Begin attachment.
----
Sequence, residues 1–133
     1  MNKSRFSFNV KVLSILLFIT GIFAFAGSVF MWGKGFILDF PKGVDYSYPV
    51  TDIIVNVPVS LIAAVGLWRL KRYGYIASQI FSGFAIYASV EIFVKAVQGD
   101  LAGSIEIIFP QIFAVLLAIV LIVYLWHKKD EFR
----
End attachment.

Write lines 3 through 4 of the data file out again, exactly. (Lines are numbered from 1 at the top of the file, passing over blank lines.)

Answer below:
    51  TDIIVNVPVS LIAAVGLWRL KRYGYIASQI FSGFAIYASV EIFVKAVQGD
   101  LAGSIEIIFP QIFAVLLAIV LIVYLWHKKD EFR